When It Comes To Economic Opportunity, It Can Depend On Your ZIP Code
This year’s Opportunity Index was just released. It’s an annual big-data report that ranks states on how easy it is for people to improve their lives financially. This year, Texas ranks in the bottom third -- 36th overall.
That’s still an improvement from Texas' 2011 rank of 42.
The index considers factors such as the unemployment rate, the percentage of people living in poverty, education and access to high-speed internet and fresh food.
Unemployment falls, but poverty rates go up
The state unemployment rate fell by more than half, from 8.7 percent in 2011 to 4 percent this year. Despite that, a higher percentage of people live below the poverty line and median household incomes have fallen.
“One thing to keep in mind is that the experience of poverty is a local one,” says Timothy Bray, director of the Urban Policy Institute at the University of Texas at Dallas. “States have some vehicle for improving life, but a lot of this is policy shifts and changes at the local level.”
Take the four largest counties in North Texas.
The Opportunity Index scores vary from B+ to Cs for Collin, Denton, Tarrant and Dallas counties. While 8.7 percent of Denton County lives below the poverty line, that number almost doubles in Tarrant County.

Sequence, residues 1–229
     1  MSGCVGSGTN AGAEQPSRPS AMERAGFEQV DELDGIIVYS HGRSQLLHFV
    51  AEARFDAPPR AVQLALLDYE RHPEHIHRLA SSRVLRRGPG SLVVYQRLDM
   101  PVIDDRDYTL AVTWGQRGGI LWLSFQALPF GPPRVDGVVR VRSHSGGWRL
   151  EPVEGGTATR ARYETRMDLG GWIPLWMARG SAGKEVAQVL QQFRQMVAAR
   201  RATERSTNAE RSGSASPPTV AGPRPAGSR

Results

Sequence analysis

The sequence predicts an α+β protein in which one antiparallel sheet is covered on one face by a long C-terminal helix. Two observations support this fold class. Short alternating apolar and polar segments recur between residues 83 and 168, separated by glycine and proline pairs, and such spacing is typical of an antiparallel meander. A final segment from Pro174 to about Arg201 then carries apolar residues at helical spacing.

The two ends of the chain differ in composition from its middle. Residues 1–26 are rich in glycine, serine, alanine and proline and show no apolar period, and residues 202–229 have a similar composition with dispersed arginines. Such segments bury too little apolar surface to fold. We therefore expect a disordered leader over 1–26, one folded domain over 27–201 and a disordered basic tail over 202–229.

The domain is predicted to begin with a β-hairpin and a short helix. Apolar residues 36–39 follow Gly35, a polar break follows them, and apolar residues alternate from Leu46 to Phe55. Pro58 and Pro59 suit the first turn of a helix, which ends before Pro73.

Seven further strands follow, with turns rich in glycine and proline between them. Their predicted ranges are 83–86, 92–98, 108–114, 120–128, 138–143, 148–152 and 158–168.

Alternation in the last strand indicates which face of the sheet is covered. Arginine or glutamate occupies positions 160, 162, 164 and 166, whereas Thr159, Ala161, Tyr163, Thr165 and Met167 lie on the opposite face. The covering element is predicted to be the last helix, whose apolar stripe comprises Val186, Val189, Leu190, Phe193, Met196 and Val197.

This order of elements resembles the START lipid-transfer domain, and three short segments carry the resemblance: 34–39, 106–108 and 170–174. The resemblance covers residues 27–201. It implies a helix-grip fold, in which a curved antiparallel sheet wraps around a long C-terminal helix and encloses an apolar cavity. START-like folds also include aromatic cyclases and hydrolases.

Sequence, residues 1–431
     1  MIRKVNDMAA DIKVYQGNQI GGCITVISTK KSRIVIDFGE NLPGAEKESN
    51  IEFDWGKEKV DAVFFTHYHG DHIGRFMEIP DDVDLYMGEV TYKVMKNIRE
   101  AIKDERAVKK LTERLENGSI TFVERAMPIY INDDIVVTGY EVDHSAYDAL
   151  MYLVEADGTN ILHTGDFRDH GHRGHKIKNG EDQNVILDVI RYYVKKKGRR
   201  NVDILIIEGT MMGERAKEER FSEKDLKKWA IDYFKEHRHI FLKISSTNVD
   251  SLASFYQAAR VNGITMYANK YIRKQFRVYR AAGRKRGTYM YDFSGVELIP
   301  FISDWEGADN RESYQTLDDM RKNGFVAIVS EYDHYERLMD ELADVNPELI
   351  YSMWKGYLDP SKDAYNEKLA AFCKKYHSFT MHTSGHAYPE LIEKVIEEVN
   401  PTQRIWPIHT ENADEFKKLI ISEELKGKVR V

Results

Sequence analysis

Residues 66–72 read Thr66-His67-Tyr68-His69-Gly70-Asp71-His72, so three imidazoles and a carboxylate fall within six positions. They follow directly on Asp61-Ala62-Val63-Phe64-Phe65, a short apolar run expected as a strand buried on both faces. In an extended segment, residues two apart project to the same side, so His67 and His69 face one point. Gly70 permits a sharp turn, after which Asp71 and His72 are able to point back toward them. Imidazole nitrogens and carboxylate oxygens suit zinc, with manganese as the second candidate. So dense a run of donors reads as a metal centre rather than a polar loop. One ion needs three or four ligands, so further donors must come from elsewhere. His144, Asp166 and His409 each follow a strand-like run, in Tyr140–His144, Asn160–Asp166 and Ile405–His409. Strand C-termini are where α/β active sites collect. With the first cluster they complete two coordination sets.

“One of the things that really is shocking for people is to realize that the complete polar opposite neighborhood might be five miles away,” Bray says. “We’ve talked to a lot of families in Dallas and [there are] kids in the southern sector who have never been to the north. Kids in the north who have never been to the south.”
On the bright side
There are a few bright spots in this year’s index. Despite funding issues for Texas public schools, the state ranks 19th in education and fourth overall for students graduating high school on time.
Bray says these types of studies can help others understand how environment can impact a person’s economic opportunity.
“I think one of the values of an index like the Opportunity Index is that it at least begins to peel that layer back and help us realize that not everybody’s neighborhood looks like mine, not everybody’s experience is like mine," he says.